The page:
Amid continuing concerns about the risk of complications with robotic surgery and a lack of evidence to support the proven benefits, a group of gynecologists are calling for further, high-quality data to justify the rapid growth of the costly procedures for gynecologic surgery.
The Society of Gynecologic Surgeons’ Committee on Gynecologic Practice published an opinion in the March issue of the medical journal Obstetrics & Gynecology, indicating that a randomized controlled trials (RCTs) on robot-assisted gynecologic surgery is needed.
In the U.S., all such surgeries are conducted using a da Vinci robot surgical system by Intuitive Surgical, which is a complex device with four arms that are remotely controlled by a surgeon through the use of hand and foot controls while sitting at a console that provides a virtual reality representation of the patient’s internal organs.
Over the past decade, da Vinci robotic surgery has rapidly grown in popularity for a variety of different gynecologic, urologic and other laparoscopic surgical procedures. However, questions remain about the risk of problems and the extent of benefits provided over less-expensive, traditional procedures.
According to the Society of Gynecologic Surgeons’ committee findings, robot-assisted surgery is performed at more than 2,025 hospitals nationwide and it is growing at an annual rate of more than 25%.
“Hospitals and physicians actively advertise and promote robotic surgery programs, often with unsubstantiated claims of improved outcomes and patient safety,” the committee noted. “The rapid adoption of robotic technology for gynecologic surgery is not supported by high-quality patient outcomes, safety, or cost data.”
In addition to high-quality trials, the committee also recommended:
- Careful selection of robotic surgery candidates
- The adoption of surgical techniques driven by patient needs and safety
- Educating patients so that they can make informed consent
- Having surgeons describe their previous experience with robot-assisted surgery to patients
- Ensuring that surgeons are skilled in performing procedures in traditional means before attempting robotic surgery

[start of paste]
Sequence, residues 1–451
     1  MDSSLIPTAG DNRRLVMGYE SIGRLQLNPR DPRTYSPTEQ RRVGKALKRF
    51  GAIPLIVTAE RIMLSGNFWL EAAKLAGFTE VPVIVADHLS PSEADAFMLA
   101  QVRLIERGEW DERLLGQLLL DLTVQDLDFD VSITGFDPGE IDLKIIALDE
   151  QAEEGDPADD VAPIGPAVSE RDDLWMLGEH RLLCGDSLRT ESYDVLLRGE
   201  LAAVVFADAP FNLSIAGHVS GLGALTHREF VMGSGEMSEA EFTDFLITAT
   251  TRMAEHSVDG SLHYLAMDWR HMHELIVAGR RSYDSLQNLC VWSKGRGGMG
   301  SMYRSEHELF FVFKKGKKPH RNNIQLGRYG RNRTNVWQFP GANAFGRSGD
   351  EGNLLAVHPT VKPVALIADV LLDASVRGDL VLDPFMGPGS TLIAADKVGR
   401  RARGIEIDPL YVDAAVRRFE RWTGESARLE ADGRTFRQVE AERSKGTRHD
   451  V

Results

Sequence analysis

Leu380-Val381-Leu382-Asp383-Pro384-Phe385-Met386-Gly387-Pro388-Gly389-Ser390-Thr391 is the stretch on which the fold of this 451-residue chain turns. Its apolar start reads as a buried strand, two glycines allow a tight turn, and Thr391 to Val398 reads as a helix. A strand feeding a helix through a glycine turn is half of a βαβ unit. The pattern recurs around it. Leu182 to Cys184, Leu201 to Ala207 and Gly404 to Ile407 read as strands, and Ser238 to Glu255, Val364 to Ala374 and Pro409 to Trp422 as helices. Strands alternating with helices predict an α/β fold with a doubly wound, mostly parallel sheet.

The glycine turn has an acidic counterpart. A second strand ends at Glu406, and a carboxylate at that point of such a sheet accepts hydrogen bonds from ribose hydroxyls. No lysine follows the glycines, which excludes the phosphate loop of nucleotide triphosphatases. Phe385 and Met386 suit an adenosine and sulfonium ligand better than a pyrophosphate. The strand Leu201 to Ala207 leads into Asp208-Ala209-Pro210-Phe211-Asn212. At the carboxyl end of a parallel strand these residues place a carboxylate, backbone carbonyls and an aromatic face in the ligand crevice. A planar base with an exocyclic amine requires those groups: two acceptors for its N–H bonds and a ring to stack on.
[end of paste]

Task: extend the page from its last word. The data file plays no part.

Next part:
- The development of training programs and competency guidelines at the institutional level
- The creation of a robot-assisted gynecologic procedures registry.
A study published in the October 2014 issue of Obstetrics & Gynecology indicated that robotic surgery complication rates could be as much as twice as high in procedures where an ovarian cyst or one or both ovaries were removed with the da Vinci surgical robot, when compared with traditional procedures.
In addition to increasing the risk of complications, use of the surgical robot also added more than $3,000 to the cost in some cases, according to the findings.
That study was not the first time the cost of da Vinci robotic surgical procedures has raised questions. There are continuing concerns over whether the costs associated with robotic surgery are justified.
In February 2013, a study published in the Journal of the American Medical Association (JAMA) found that da Vinci hysterectomies increase costs by more than $2,000, while providing virtually the same complication rate as laparoscopic surgery.
“Four RCTs compared robot-assisted surgery for benign gynecologic disease with laparoscopy, and none showed any benefit from using the robotic approach,” the new opinion states. “Well-designed RCTs or comparably rigorous nonrandomized prospective trials are needed to determine which patients are likely to benefit from robot-assisted surgery and to establish the potential risks. Adoption of new surgical techniques should be driven by what is best for the patient, as determined by evidence-based medicine rather than external pressures.”
da Vinci Robotic Surgery Concerns
Although the da Vinci robot has been rapidly adopted by hospitals throughoug the U.S., Intuitive Surgical has faced a number of complaints raised over their aggressive marketing efforts, which have resulted in more expensive robotic surgery being performed in many procedures where there is a lack of evidence supporting a sufficient added benefit.
Intuitive Surgical has also faced a number of da Vinci robotic surgery lawsuits brought on behalf of patients who suffered complications following procedures, which were allegedly caused problems with the design of the system and instructions provided for surgeons.
According to allegations raised in the complaints, Intuitive Surgical sold the surgical system without ensuring proper training and instructions for surgeons, and without providing adequate warnings for consumers about the risk burns, tears and other robotic surgery complications.